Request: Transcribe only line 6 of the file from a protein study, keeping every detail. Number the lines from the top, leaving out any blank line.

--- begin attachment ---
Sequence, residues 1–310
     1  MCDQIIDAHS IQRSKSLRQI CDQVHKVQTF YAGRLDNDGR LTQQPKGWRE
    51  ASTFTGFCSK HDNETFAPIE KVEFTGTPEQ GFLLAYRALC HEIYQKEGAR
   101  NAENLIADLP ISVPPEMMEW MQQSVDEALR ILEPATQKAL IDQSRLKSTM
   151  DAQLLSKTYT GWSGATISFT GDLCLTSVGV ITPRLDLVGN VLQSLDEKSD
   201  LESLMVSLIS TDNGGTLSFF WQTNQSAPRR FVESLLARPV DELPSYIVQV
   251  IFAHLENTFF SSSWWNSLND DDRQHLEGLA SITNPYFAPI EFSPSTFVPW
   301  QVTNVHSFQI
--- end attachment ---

   201  LESLMVSLIS TDNGGTLSFF WQTNQSAPRR FVESLLARPV DELPSYIVQV